What can I, in my role as Ombud, do to help you in practical terms?

People often ask me: “But what can you do for us in practical terms? What actions can you take?”

The first thing I can do is quite simply listen to you, without taking sides. Discussing something that’s going on with a neutral person, such as the Ombud, often lightens the burden and enables people to see things more clearly. My role usually goes beyond just listening, though: I analyse the situation with you with no holds barred and try to advise you on how best to proceed. For example, if you have a disagreement with a colleague, what’s at the root of it? What are the interests at stake – your own, of course, but also your colleague’s? Why do you think your colleague’s behaving like this? Putting yourself in the other person’s shoes and trying to work out the reasons for their behaviour is often the key to resolving a conflict.

If you don’t feel able to reestablish communication with the other person yourself, I can try to mediate between you. Mediation is a voluntary process undertaken at the request of two parties who truly want to reach an agreement but can’t get there on their own. I’ll listen to both parties separately, several times if necessary, in order to understand not only their differences of opinion, but also their shared interests, which are the key to successful mediation. I’ll then lead a three-way discussion with the aim of reaching an agreement.

In other situations, my role might be to give you information to help you navigate the maze of rules and administrative procedures and to point you in the right direction.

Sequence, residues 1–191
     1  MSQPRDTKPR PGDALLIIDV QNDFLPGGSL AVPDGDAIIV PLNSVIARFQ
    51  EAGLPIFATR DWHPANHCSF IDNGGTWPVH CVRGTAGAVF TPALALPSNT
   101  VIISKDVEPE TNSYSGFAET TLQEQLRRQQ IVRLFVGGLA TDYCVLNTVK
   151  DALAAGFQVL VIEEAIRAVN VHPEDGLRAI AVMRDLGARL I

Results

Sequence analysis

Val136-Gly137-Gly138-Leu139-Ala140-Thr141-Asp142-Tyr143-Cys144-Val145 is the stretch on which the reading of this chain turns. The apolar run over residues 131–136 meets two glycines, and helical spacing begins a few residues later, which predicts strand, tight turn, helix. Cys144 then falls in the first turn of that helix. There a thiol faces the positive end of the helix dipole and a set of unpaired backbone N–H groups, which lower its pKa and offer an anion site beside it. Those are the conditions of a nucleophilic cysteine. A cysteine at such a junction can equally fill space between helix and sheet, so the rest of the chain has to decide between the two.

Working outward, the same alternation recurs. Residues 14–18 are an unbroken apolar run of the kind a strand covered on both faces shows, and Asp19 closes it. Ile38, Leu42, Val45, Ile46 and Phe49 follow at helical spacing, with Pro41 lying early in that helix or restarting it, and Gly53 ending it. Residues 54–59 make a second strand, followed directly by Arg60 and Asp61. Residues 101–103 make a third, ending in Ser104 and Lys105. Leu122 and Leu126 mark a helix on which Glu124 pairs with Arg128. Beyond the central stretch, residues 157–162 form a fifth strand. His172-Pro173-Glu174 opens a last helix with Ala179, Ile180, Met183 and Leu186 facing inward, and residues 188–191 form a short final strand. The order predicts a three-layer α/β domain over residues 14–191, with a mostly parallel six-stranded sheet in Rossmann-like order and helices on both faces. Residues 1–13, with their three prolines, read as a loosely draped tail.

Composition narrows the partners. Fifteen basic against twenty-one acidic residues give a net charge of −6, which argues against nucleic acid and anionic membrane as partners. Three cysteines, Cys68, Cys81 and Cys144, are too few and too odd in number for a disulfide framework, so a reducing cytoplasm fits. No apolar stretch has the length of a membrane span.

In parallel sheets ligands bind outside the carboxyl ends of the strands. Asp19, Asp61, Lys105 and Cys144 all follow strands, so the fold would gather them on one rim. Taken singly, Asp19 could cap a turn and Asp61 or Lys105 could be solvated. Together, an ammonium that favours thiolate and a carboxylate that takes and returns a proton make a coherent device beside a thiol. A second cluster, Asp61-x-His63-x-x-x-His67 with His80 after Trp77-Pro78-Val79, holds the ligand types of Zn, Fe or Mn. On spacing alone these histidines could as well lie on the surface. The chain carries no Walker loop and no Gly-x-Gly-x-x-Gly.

If your problem lies outside my field of expertise, I’ll refer you to someone else. I’ll do this, for example, in the event of a dispute between you and the Organization, or if I believe the problem to be health-related. You’ll be supported by the Staff Association in the first case and by the Medical Service in the second.

Whatever the subject of our discussions, I wish to remind you that they’re protected by absolute confidentiality, which is no different to medical confidentiality or the protection of a journalist’s sources: whatever you tell me, I’m bound by professional secrecy, and it’ll remain strictly between the two of us. The Ombud’s role in the Organization is protected by this. There’s just one exception: if I find out that someone’s life is in danger.

The other fundamental principle is that you keep full control of the process: I’ll do nothing without your consent. That’s the benefit of the informal nature of the Ombud’s role.

If you’d like to comment on any of my articles or suggest a topic that I could write about, please don’t hesitate to e-mail me at Ombuds@cern.ch.

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